Monday, May 6, 2013

Notes on Being Driftless

Sinsinawa Mound viewed from the east

I visited the Driftless Area a few of weeks ago. The Driftless Area is so named due to the lack of glacial drift in an area of the upper Midwest otherwise dominated by glaciated landscapes. Most of the Driftless Area is in southwest Wisconsin with a bit of an overlay into southeastern Minnesota, northeastern Iowa and extreme northwest Illinois. For some reason during the last glacial period the continental ice went around this area and for a period of time it was a large island of ice free land surrounded by glacial ice.
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Driftless Area is the area circled by the blue hatched line
Blue hatched line is early Wisconsin ice extent
Green hatched line is late Wisconsin ice extent
(National Map)

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Southwest Wisconsin shaded relief (National Map)
The lack of glaciation means the soils here are different and the stream systems are much more fully incised into the landscape. The Mississippi River flows through the area giving the area some topographic relief such that there are many deep narrow canyons and high steep bluffs along this section of the river.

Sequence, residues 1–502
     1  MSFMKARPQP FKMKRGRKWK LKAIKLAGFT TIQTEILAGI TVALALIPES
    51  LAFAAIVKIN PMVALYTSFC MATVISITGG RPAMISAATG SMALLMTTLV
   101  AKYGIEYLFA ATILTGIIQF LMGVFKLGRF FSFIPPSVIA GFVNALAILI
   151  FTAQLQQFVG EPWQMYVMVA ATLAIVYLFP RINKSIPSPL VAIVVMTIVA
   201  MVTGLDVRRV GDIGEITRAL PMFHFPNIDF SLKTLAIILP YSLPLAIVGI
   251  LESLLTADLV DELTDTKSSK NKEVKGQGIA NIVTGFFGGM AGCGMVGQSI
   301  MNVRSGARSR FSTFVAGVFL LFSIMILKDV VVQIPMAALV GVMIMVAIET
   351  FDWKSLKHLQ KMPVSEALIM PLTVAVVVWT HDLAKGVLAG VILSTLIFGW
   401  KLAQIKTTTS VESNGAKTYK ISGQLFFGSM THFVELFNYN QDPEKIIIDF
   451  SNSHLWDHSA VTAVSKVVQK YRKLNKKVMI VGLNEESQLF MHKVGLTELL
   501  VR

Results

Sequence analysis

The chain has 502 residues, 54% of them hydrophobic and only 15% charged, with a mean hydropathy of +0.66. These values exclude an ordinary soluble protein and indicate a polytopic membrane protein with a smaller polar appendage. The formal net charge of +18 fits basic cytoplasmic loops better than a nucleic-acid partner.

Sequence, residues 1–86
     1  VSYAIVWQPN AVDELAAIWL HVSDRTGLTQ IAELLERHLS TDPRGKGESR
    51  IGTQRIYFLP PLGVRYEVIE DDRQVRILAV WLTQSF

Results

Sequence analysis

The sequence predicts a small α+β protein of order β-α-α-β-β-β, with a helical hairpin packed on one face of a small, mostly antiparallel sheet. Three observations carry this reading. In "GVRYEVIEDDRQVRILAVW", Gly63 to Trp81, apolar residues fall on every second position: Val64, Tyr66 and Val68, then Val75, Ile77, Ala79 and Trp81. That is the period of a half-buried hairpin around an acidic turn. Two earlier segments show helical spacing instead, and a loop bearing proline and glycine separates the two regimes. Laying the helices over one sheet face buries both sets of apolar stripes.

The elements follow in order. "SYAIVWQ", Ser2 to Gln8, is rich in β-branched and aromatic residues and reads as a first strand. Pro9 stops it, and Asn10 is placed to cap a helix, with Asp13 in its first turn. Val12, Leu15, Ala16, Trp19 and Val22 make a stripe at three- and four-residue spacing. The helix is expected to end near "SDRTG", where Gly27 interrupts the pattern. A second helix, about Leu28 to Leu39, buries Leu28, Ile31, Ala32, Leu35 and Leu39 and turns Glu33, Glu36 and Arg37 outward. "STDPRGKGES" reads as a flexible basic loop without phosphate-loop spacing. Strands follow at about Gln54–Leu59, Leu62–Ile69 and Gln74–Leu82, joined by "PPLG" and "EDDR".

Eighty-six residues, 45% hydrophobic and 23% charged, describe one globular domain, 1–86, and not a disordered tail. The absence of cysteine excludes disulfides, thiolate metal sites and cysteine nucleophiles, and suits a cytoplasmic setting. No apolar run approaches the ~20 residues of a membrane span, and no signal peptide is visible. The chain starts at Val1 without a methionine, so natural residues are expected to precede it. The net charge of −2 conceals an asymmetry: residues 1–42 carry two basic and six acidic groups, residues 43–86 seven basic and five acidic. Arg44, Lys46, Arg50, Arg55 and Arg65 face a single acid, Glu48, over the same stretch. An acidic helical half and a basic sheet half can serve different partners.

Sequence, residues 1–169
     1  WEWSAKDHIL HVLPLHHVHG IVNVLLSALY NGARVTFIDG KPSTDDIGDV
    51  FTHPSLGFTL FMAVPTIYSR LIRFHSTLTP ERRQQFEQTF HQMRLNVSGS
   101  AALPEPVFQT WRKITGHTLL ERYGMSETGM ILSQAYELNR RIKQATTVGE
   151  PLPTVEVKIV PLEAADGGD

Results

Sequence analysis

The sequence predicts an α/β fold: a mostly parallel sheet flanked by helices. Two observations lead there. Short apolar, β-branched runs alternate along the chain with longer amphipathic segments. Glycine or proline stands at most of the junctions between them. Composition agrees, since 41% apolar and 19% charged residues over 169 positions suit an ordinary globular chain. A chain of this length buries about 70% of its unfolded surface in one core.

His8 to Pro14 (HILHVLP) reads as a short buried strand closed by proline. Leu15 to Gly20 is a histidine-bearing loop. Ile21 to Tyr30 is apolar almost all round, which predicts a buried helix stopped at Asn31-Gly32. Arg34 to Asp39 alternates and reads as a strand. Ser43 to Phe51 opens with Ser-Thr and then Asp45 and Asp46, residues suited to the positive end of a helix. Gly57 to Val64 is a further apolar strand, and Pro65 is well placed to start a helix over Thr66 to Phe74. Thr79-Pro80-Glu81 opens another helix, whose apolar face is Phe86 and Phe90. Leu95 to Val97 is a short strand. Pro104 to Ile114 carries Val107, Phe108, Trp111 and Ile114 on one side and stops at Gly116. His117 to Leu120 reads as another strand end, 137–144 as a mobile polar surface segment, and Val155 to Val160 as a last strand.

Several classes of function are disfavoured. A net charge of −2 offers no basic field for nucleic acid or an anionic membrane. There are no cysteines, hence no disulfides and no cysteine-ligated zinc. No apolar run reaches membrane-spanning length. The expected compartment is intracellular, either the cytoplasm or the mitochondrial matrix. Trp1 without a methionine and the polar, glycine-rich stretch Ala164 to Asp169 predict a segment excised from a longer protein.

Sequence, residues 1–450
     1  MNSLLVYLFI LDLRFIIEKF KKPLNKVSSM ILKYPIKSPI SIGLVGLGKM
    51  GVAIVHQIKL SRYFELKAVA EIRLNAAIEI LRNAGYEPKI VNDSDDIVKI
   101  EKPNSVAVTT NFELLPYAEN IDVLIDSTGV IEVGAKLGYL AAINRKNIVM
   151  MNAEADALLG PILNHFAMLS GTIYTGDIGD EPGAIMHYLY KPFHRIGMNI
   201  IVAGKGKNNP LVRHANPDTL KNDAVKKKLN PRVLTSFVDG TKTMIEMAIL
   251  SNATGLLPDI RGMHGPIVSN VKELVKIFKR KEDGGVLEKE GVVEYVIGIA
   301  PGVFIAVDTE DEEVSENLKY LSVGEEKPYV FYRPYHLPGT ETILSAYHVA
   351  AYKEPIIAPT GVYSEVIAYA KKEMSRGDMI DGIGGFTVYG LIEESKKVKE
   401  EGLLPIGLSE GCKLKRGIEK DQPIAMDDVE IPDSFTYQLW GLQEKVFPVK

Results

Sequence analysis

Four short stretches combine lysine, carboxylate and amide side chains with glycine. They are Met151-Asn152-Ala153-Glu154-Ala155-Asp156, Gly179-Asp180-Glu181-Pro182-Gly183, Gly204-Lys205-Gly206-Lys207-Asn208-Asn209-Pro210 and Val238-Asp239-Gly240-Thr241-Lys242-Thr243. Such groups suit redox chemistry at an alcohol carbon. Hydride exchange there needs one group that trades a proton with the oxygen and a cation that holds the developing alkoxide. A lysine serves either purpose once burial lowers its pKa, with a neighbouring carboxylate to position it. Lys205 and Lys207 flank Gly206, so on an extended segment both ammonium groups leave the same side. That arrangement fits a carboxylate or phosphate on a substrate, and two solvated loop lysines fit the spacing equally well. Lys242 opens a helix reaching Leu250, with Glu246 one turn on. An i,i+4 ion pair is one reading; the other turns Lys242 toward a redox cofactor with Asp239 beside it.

The hill in picture is not much to look at by Washington State standards, but it is the highest summit for many miles. And it has some history - an Indian/pioneer battle, a very old convent, lead mining. And the term mound is interesting. In this case the mound is natural, but there are a number of man made mounds in the area that were built in the shape of animals and Mima-like mounds that are man made.

No island-like Driftless Areas are present in Washington State. At the beginning of my trip I had views of mountain ranges with clear evidence of past glaciations: tracks-of-bull-lake-and-pinedale-glaciations and alluvial-fans-and-glacial-moraines. But another range, the Blue Mountains in southeast Washington was not glaciated.

View of the northern Blue Mountains, Washington State

The Blue Mountains in Washington State are over 6,000 feet, but no glacial cirques or glacial deposits have been mapped in the range. Somewhat higher portions of the range to the south in Oregon were glaciated. The topography of the range is consistent with the range not being glaciated. If glaciers did exist, they did not leave any of the classic U-shaped valleys or any readily identified moraines or cirques. That said, I once was doing some geology work in a lower range in Montana and came across a previously unidentified glacial moraine. But regardless, the lack of glaciation in the Blue Mountains of Washington is a bit of a curiosity.

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Shaded relief map of Blue Mountains

1 comment:

Geoffrey Middaugh said...

In my younger days, we visited caves of Wisconsin in the SW. This area was known to have the only caves in WI because it was driftless. They were terrible, because we were spoiled by MO and AR caves. The caves were very small, wet, and as Bretz would say: the mud and clay were unctuous. The Blues of WA I think are driftless, but the Elkhorns and Eagle caps sure aren't.